Half of 2013 is now gone. As a moviegoer and film lover, what first springs to mind when such a milestone passes is: What are the best movies I've seen so far this year? I've watched 16 movies that can be counted as 2013 films and, based upon those offerings, it's been a solid, if unremarkable year in cinema thus far. Here, then, is my favorite movie 2013, as of mid-year.
It's like a drop of a nostalgia for a time that has existed for many of us, and continues to exist for many folks to this day. That's how I view Frances Ha, the latest film by Noah Baumbach, co-written by its star, Greta Gerwig. It's nostalgia because, although it occurs during present day, it centers around the lives of twenty-somethings who are attempting to live carefree, in-and-out of relationships and sexual encounters, unfocused, basically bobbing-along through the early years of adulthood until something clicks. Those of us privileged enough can relate to such a time.
It's not easy to make a movie that appears to be about nothing. Baumbach succeeds here admirably. There is a plot to Frances Ha. It snakes, quietly, throughout the lives, loves, loss and gains of the main characters. We're treated to the strained bonds of friendship, so common to the young who eventually grow up and begin developing their own, separate lives. We come across the frustrating situation of two people who could possible be together, but instead pursue others whom they likely shouldn't. Then, of course, there's the way in which characters barely make ends meets, yet somehow manage to have funds to party.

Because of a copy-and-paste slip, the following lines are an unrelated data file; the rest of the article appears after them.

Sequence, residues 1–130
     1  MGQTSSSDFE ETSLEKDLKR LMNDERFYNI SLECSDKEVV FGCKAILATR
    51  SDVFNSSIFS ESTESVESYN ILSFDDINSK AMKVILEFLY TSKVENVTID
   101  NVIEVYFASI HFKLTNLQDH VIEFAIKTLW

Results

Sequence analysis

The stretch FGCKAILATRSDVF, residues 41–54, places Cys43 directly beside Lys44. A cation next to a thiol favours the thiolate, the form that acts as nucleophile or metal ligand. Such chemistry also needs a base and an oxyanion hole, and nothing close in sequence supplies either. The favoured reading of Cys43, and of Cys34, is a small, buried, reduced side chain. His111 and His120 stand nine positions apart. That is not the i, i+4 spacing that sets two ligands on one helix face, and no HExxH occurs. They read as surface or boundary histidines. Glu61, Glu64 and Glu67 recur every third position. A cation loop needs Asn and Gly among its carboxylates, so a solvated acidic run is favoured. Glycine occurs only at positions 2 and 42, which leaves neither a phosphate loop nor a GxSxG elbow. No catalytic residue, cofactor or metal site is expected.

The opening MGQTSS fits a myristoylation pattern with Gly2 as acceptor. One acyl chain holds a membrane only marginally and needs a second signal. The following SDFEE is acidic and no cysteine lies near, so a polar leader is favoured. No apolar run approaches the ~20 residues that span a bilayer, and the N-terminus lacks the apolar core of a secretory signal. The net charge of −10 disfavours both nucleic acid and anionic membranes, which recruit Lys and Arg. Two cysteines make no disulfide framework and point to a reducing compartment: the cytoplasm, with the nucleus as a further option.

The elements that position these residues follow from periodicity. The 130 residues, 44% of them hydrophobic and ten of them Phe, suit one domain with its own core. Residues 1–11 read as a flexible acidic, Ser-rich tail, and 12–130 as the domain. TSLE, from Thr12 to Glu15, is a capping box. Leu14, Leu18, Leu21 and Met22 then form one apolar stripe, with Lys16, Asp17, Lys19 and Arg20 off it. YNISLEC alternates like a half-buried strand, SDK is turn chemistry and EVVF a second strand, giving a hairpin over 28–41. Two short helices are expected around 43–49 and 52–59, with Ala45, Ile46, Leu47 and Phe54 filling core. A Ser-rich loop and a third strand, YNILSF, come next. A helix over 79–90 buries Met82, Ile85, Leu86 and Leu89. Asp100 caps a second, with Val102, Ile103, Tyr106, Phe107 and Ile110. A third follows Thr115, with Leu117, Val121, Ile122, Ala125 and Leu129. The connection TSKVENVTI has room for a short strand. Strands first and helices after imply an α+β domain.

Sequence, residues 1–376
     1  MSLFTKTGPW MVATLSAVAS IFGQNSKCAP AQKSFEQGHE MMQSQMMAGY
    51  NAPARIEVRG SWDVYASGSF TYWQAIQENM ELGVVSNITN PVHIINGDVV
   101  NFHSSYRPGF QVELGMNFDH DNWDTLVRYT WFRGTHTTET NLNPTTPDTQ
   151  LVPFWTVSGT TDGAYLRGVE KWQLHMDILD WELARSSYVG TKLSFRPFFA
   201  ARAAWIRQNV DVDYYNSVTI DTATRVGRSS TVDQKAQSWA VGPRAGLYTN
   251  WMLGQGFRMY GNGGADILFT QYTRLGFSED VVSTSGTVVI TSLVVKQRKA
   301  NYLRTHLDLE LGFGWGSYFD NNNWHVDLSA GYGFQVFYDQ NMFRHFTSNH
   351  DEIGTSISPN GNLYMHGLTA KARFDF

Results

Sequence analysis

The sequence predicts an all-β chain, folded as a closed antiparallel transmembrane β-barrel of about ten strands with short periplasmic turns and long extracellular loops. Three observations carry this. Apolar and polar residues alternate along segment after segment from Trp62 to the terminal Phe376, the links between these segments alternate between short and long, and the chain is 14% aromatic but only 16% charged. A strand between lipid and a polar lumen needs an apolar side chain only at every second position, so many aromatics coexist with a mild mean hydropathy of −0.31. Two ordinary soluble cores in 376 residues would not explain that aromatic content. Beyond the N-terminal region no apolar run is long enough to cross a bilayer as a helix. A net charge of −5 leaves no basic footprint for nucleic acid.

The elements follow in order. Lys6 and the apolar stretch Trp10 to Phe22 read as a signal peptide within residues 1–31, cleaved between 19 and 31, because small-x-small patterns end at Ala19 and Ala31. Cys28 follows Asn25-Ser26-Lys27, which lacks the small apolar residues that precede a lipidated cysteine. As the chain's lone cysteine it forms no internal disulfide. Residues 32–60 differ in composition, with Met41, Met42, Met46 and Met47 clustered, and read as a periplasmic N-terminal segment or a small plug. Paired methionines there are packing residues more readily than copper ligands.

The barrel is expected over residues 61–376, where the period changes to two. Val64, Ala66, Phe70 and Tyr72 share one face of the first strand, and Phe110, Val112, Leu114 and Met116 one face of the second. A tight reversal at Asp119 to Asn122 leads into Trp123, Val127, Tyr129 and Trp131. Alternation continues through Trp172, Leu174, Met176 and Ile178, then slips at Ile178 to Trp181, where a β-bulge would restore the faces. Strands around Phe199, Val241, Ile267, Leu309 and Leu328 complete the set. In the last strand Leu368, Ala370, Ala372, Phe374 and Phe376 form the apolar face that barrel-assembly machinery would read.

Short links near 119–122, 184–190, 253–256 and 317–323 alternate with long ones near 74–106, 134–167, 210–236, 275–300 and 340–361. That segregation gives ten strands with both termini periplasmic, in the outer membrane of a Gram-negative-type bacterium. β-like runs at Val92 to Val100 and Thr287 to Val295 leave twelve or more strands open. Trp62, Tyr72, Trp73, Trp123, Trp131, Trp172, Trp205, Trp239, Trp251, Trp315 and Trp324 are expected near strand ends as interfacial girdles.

I went into Frances Ha skeptical, came out of it mildly pleased and, upon reflection, think more of it with each passing day. It's a nice slice-of-life piece. Some have criticized it for being unrelatable because it's about young people in New York City, but that makes it no more or less unrelatable than if it were about young people in Alabama. It is what it is. And, yes, I do think it is relatable. We've all had friends, we've all been confused about life, we've all had loves, and we've all been lonely. Therefore, I believe we'd all get something out of Frances Ha.
If it plays in a theater near you, try and make the time to see it.